Recently, there has been widespread discussion about forced disappearances in Egypt. Human rights reports have documented hundreds of cases of forced disappearances, most of which have been denied by the government. Victims of forced disappearances have been reported missing and then—after days, weeks, and sometimes months—are found to have been in custody, either when released or presented to the prosecution. In a report by the Egyptian Commission for Rights and Freedoms that covered the period between August 2016 and August 2017, there were 378 documented cases of forced disappearances. Among them, 182 cases were later found to be in detention, 52 were released, one was tried and convicted in court, and the rest are still missing. Such reports refute government claims that forced disappearances occur and show attempts by the regime to cover up human rights violations.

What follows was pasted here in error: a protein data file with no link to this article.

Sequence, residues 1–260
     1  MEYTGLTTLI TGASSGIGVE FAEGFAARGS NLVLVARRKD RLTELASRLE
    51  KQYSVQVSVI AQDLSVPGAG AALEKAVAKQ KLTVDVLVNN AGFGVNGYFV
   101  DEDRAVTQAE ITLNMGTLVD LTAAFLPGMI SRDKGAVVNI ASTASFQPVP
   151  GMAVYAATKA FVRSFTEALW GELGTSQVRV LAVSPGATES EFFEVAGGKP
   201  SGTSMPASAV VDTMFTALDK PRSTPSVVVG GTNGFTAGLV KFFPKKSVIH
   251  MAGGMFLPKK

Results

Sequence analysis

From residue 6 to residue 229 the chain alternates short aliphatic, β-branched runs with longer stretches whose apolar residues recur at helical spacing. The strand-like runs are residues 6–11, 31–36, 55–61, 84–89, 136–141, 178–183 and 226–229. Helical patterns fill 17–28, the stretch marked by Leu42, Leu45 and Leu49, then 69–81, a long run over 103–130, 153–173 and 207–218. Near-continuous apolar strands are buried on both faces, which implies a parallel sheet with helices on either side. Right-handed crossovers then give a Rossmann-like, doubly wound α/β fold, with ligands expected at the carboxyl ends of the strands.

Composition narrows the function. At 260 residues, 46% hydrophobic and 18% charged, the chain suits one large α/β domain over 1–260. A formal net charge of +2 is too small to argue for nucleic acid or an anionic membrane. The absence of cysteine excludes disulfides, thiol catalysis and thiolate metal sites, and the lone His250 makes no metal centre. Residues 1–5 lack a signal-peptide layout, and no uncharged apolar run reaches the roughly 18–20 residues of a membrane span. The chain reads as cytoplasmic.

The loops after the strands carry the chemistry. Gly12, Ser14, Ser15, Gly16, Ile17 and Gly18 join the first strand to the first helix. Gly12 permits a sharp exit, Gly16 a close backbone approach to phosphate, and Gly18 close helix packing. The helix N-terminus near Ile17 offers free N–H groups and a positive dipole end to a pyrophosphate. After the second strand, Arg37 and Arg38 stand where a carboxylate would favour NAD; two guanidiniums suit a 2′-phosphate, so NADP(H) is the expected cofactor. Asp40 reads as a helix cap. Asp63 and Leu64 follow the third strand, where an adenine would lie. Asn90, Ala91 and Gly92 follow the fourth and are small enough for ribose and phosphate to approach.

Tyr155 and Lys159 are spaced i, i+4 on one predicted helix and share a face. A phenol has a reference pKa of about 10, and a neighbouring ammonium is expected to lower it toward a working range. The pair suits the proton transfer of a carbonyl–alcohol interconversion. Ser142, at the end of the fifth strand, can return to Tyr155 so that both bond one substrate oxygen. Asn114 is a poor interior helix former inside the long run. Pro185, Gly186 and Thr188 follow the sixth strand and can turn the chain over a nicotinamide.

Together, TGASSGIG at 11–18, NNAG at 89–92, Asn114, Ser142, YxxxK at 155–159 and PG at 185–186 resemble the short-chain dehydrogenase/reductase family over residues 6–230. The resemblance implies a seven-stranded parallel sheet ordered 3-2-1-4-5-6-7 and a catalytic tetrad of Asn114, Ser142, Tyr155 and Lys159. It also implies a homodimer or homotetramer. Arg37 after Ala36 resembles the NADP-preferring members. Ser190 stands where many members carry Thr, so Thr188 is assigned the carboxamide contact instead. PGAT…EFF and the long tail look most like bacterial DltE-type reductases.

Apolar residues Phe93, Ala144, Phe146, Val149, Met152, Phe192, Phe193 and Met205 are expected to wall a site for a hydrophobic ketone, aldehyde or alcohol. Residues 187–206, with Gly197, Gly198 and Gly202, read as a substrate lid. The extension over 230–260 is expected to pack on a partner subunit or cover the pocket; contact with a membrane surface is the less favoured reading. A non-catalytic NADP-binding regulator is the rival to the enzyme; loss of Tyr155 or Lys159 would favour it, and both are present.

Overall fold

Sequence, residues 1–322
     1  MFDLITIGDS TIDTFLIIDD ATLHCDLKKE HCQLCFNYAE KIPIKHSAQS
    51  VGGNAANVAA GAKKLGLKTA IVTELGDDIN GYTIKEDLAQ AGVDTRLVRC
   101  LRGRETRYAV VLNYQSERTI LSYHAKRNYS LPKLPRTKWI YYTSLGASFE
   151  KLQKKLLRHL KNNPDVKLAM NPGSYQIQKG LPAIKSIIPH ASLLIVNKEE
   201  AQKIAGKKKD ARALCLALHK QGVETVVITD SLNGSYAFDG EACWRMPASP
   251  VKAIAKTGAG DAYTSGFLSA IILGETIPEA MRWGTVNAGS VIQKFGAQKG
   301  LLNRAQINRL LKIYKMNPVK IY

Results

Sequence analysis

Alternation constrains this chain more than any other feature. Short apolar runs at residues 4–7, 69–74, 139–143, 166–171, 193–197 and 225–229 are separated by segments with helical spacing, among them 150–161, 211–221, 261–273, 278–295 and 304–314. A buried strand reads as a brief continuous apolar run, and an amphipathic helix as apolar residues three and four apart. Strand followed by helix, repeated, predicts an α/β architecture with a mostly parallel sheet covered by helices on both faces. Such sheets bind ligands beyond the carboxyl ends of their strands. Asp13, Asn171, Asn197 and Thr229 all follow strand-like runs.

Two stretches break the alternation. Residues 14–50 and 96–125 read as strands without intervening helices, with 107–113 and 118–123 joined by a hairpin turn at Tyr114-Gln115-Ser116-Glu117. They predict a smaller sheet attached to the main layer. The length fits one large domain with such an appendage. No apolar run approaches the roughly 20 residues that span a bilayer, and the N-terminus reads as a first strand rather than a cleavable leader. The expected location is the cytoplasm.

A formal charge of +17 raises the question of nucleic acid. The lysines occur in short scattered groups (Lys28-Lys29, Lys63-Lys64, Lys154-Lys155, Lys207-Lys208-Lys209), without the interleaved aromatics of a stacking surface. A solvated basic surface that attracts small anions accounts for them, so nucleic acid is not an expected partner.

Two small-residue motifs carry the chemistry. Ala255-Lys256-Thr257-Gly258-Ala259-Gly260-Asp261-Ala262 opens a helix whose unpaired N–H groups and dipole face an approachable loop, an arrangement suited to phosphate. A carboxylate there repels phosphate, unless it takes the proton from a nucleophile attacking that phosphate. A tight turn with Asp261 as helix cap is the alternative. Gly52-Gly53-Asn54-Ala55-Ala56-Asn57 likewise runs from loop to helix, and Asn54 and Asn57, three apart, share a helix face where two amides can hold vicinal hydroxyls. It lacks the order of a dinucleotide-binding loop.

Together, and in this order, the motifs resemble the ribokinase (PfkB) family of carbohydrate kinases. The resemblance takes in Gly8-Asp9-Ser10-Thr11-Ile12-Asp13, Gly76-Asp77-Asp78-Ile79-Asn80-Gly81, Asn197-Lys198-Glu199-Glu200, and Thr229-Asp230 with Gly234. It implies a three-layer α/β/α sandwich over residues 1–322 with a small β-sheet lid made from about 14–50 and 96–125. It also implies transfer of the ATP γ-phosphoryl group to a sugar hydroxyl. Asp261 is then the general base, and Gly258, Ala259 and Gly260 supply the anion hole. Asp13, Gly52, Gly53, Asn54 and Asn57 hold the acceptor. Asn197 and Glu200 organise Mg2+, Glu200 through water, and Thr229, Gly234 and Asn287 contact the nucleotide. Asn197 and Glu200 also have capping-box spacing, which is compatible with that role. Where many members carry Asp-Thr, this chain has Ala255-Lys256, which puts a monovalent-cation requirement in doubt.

Nevertheless, in March 2017, during a press conference held by the Egyptian delegation at the United Nations Human Rights Council in Geneva, Egyptian Minister of Parliament Affairs Omar Marwan stated that forced disappearances do not occur in Egypt and that they are instead missing persons cases, possibly of people who were seeking to migrate illegally, killed while participating in terrorist acts, or who fled their homes. Such claims were reflected in the Egyptian response to a report by the BBC on forced disappearances, in which a woman claimed that her daughter Zubeida had been forcibly disappeared as well as raped and tortured by “Egyptian security agents,” asking authorities to reveal the fate of her daughter. Two days later, the daughter appeared in an interview with media presenter Amr Adib broadcast on the OnTV television channel. During the interview, she denied her mother’s allegations and the story of her forced disappearance, but as of now, no one has confirmed whether she was really in custody or found by security bodies. A few days later, her mother and her lawyer were reported to have been arrested. The Egyptian regime is using this case as an example to claim that forced disappearances are actually missing persons cases.